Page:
Probably the most memorable year in my 12 years of public education was in the eighth grade (1963-1964). I was among a group of students chosen from three schools to participate in an eighth-grade class of gifted and talented students. This was shortly before the massive integration of schools in our state.
My Aberdeen classmates of eighth graders and I who were chosen to be in the special class were “bussed” to West End to join West End and Eagle Springs eighth graders. I guess you could say we were slightly ahead of our time to be “bussed” to an out-of-district school.
Reflecting back on that year, I am thinking of the absurdity of that class. If my memory serves me correctly, the only criteria for selecting class members was how well we had performed on standardized tests and particularly IQ tests. Personally, I felt slightly behind academically when I returned to Aberdeen High School after the eighth-grade year in West End. All in all, it was a traumatic year with a teacher who seemed to never be concerned about a student’s self-esteem or emotional fragility and then there was the shocking assassination of President Kennedy and its aftermath.
Hopefully, we have moved beyond this limited “pigeon-holing” of an individual’s mental ability by using mainly IQ tests. There still remains room for improvement in assessing mental health factors necessary in helping children in their often arduous journey of becoming independent and fully functioning adults.
Psychologists tell us today there are four mental quotients which contribute to the goal of an independent and balanced life. Besides the most familiar Intelligence Quotient (IQ) which relies heavily on reading ability and the ability to do varying levels of mathematical computations, there is an Emotional Quotient (EQ) which involves the ability to maintain peace with others; a Social Quotient (SQ) which is described as an ability to build a network of friends and maintain friendships through a number of years; and an Adversity Quotient (AQ) which is the ability to get through difficult periods in life.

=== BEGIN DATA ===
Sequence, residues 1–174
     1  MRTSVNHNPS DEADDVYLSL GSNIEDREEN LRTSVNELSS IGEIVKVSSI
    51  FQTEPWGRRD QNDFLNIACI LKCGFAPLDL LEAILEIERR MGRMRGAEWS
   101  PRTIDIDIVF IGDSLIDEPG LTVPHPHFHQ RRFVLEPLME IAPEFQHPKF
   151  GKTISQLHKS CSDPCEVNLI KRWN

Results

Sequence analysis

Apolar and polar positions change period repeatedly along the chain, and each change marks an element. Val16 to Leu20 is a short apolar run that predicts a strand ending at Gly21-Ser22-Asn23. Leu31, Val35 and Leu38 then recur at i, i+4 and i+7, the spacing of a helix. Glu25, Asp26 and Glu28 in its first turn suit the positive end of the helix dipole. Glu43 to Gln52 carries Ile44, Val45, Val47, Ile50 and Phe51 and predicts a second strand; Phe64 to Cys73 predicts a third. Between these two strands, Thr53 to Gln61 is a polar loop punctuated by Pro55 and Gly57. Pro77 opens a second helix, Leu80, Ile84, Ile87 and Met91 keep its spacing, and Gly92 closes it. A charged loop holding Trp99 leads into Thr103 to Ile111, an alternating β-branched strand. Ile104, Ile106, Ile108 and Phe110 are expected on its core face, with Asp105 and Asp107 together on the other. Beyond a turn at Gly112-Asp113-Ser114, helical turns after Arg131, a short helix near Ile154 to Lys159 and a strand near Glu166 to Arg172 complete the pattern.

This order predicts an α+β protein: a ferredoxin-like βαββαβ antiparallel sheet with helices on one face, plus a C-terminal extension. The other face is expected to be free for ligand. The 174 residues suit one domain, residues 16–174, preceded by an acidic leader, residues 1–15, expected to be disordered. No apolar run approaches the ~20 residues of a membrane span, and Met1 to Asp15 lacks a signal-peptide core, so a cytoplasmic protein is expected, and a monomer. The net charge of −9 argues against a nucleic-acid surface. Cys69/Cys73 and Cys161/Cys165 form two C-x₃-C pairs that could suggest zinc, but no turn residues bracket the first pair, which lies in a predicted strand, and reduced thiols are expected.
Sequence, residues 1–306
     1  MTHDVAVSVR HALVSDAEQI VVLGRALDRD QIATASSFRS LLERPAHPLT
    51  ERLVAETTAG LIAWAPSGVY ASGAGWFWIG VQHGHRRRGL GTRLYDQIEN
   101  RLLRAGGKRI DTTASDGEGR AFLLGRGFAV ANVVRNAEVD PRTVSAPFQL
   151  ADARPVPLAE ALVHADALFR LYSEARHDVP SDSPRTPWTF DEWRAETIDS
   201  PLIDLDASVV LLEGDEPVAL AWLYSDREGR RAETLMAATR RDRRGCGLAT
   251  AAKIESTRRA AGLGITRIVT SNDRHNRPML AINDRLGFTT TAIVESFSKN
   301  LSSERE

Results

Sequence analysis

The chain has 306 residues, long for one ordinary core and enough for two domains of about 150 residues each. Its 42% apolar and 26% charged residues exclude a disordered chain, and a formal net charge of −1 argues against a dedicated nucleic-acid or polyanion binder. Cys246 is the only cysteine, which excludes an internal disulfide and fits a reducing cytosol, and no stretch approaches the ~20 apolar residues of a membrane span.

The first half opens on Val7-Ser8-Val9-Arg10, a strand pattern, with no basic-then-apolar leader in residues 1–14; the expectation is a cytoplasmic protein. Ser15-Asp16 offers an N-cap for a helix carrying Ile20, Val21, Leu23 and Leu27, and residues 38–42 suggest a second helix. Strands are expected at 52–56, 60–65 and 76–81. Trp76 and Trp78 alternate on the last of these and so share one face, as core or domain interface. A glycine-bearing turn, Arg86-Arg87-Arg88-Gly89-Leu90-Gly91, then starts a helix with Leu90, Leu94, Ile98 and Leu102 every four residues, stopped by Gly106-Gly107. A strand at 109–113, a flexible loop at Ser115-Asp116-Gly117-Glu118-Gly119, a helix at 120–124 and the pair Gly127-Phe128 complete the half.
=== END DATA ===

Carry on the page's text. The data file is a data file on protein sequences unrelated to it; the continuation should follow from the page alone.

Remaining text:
Since the recent mass shootings in Raleigh, the discussion has sadly risen again as to what contributes to this phenomenon of young white males under the age of 20 committing such horrific acts of violence. Such causes mentioned include the proliferation and obsession with social media, violent video games, bullying, social alienation and isolation, easy access to the massive number of guns in the country, the increasing rarity of two-parent, stable households, etc.
I personally think about our large high schools where kids can so easily get lost in the shuffle … unlike the much smaller high schools many of us of a certain age attended in our youth. Maybe there should be more of a mental health component placed in our schools to compensate for the huge changes in our society.
What about 20 minutes a day with heterogeneous groupings of students with a teacher/leader to discuss particular topics or just whatever the group would like to discuss?
Besides mental health issues, there are concerns about the physical health of our youth. Obesity and health problems are now much more prevalent than in the past. Maybe there should be more emphasis on physical education and nutrition throughout all grades.
But geez, public schools with all its many more challenges are having extreme difficulty in even filling classrooms with qualified and competent teachers.
Helen Cox is a former journalist and educator in Richmond County.